Ultimately, I don't think that responsible pet owners must travel with pets.  But, I think that responsible travelers must reject reactionary criticism, even if that advice carries the prestigious Frommers label.

* Read more from other responsible pet owners who travel with their dogs at DogJaunt, GoPetFriendly, and Will My Dog Hate Me and their responses to Chris Elliott's blog post.  And, if you want to read much much more about traveling with dogs, jump over to The Road Unleashed, our sister site focused entirely on traveling with pets across the United States and Europe.

09/07/2011 06:38
"The more fearful we are, the more compliant we become.”

This, YES. Which is why fear is used as a tool of oppression by so many.

I'm really inspired by you four and how you've done the research and taken the initiative to make traveling work for all of you. How is one supposed to know if it works until they've tried it?

And this is a total sidenote, but we took a two-day tour through the Cotswolds and saw tons of sheep... and border collies!! We've been missing Koa like whoa, but seeing other b.c. dogs just made it so acute. We mentioned multiple times that he would have loved running through those beautiful green fields and "herding" sheep (in his mind, but probably just being a nuisance, lol).
09/07/2011 10:20
Love it! Can't imagine it's easy to travel this way, but totally worth it. Your dogs are more well travelled than most people. :)
09/07/2011 10:54
You guys absolutely aren't crazy and your dogs are lucky to have you! Travel and pets are not completely incompatible, just more challenging.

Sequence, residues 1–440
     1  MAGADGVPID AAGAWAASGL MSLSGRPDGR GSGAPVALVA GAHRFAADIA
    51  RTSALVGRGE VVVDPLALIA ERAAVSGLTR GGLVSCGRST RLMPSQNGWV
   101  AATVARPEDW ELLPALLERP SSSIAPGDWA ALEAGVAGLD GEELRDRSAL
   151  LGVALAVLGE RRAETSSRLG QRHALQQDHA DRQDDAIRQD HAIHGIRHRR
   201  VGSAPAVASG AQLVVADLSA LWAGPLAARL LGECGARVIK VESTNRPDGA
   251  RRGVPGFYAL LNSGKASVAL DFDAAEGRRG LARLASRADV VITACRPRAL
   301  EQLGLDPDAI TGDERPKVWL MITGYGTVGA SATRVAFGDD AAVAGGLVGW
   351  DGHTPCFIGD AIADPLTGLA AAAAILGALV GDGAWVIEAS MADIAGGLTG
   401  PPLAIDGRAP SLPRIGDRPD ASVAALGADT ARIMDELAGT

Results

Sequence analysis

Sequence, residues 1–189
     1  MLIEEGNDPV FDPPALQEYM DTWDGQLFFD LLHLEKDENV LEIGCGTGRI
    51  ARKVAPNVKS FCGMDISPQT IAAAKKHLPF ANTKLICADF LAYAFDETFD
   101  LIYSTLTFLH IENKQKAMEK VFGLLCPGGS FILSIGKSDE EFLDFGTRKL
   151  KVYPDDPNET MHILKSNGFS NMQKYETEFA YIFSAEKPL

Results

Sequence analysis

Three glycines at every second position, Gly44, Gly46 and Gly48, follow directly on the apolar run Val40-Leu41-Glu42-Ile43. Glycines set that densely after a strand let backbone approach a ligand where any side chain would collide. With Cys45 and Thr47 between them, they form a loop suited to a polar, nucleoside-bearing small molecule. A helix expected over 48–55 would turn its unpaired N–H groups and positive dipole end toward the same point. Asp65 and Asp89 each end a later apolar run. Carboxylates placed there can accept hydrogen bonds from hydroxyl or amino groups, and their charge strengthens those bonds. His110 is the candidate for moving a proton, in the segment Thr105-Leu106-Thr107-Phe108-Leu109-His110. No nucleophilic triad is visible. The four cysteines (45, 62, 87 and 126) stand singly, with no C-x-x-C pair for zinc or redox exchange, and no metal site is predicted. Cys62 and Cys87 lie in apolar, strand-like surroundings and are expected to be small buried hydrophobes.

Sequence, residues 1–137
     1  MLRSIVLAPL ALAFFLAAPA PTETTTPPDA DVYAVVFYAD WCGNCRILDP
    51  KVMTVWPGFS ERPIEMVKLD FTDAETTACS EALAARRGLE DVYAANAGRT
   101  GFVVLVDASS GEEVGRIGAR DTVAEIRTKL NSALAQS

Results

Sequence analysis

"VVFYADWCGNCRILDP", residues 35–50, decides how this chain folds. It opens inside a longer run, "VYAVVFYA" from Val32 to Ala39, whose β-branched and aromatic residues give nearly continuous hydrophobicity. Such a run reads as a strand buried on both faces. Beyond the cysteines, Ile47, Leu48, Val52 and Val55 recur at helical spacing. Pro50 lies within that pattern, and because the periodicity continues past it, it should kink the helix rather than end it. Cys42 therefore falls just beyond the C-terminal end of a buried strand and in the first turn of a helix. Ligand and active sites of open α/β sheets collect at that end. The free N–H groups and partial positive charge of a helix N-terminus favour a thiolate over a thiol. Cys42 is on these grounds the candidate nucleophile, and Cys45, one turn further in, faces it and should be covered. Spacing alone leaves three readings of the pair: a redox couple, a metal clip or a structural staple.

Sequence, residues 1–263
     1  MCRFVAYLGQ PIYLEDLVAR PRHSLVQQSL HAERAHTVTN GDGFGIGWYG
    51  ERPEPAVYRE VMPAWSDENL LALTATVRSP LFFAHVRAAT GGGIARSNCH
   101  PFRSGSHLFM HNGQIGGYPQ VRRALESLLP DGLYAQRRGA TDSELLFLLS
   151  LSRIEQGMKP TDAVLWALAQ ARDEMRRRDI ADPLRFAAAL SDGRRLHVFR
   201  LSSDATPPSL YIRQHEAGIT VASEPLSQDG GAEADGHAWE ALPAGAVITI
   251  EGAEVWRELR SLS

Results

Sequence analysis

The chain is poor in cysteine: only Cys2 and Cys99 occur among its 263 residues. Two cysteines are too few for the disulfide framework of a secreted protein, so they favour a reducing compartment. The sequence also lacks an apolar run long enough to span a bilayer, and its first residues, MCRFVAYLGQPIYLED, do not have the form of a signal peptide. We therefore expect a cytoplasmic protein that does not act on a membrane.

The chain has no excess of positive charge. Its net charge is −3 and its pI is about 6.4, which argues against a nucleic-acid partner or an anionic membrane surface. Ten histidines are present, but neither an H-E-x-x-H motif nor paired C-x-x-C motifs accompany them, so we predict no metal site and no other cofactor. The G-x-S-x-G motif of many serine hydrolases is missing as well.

I don't agree with Chris Elliot's rebuttal post - I think he's trying to drum up some controversy and fear-mongering - but I will say this is one area where cats and dogs are quite different. Dogs are so much more mobile. [Most] cats on the other hand, are creatures of habit and travel is the opposite of habitual. Although we ultimately found a good loving home for my cat while we were away (no easy feat since he likes to be the only cat and most cat lovers already have one), it's put a lot of stress on him moving around. He's moved five times in the past two years as a result of us traveling and moving to temporary places. We finally moved into an apartment for the foreseeable future, with no roommates, and he's so much happier and calmer it makes me cry to think that we've added stress to his happy little life. But ultimately he was fine the whole time, well cared for, and loved.

I think it's awesome Chewey and Abby enjoy being on the road and hope all four of you are having a blast!
09/07/2011 12:09
I LOVED reading this post. I'm currently on long-term travel with my husband, but we left our dog behind. Fortunately my parents have agreed to take care of him, but I miss him so much and admit I can't fully enjoy my time abroad because I think of him so much. I have also vowed to never leave him behind again for such a long length of time. I am definitely interested in finding out more about how to travel with a dog in the future. I know it'll be more difficult at times, but I am so encouraged to see that you and others are doing it! Thanks for sharing your experiences.
Adrienne @ ShenVenture's recent blog post: Our Anniversary, My Confession
09/07/2011 14:21
Nick